More adults are opting for braces and other orthodontic treatments, according to a recent Wall Street Journal report.
Most are after a better smile, some are addressing bite/alignment issues that have been bugging them for years, and others are trying to correct brand-new problems that cropped up later in life.
Orthodontists aim for discretion when recommending treatments, especially with adults. This demographic favors Invisalign, back-of-the-mouth lingual systems and porcelain braces, which are costlier than traditional braces, but blend in with your teeth a lot better.
The approach to straighter teeth is the same, regardless of age, but dentists want adults to be aware of ortho complications. Adults usually have had more dental work done than teens, including crowns, fillings, root canals and other complicated procedures. This can make it tougher to manipulate teeth with braces.
Plus, adults’ mouths are no longer growing, which means oral surgery might need to go along with the braces.
The Tooth Brigade
According to Dr. Gerald Nelson, a dental professor at the University of California, adults have teeth that are healthier, and “they’re interested in having their teeth last the rest of their life.” Orthodontics don’t guarantee that anyone will keep their teeth longer, but the more attractive your teeth are, the more likely you are to be proud and take care of them. Straight teeth are a big motivator.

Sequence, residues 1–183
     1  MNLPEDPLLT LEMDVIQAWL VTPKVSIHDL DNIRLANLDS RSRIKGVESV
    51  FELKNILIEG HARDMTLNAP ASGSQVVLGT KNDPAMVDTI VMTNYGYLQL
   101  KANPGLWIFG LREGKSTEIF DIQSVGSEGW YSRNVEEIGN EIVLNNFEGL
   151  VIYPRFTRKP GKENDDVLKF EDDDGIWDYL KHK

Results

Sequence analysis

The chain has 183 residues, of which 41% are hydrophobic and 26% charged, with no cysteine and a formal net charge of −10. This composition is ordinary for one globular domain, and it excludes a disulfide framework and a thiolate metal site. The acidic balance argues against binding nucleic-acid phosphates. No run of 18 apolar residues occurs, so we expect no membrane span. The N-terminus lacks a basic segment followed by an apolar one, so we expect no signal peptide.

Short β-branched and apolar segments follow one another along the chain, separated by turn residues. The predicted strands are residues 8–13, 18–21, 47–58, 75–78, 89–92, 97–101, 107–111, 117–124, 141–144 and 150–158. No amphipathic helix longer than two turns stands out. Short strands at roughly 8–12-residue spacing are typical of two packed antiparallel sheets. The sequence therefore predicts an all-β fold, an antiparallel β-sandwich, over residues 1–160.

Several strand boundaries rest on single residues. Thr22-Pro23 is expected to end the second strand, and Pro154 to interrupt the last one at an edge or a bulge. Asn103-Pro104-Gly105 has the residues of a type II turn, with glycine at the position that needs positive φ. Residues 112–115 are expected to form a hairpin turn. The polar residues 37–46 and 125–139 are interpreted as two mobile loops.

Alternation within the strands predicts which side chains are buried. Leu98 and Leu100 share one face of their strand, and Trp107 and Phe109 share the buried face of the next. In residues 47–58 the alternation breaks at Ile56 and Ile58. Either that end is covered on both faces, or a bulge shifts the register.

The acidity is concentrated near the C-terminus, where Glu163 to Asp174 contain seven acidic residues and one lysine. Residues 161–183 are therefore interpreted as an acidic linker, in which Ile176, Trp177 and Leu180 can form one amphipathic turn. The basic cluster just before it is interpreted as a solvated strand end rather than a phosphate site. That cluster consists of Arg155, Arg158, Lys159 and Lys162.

The American Association of Orthodontists reports that in 2012, 1.2 million U.S. adults got orthodontics, which is a spike of 39 percent, compared to 1996. In comparison, 4.65 million teens got orthodontics, which is up 32 percent from 1996.
If you’re an adult considering orthodontics, remember that it can be more complicated and perhaps take longer than if you were a teenager. You also might need oral surgery. It might not be possible to fix the same issues in an adult compared to a teen, since your face is no longer growing.
You’re also more vulnerable to gum disease, which needs to be addressed before orthodontics can be started. Ask your orthodontist about Invisalign, which might be possible for straightforward ortho problems.
Pay It Forward
Finally, orthodontics can cost more for an adult than a teen, since, once again, it’s more complicated. However, your dental insurance may cover a portion of the procedure, so always check with your insurance company before starting treatment. Your orthodontist also may offer payment plans or financing.
You’ll certainly be in good company if you get orthodontics as an adult, especially considering that adult teeth today are less straight than our ancestors’ from hundreds of years ago — researchers say diet plays a big role, since we chew less.
Choose an orthodontist who has experience working with teens and adults alike, and who’s on board with your goals. In Utah, call Johnson Elite Orthodontics, your leading braces and Invisalign experts, for a consultation.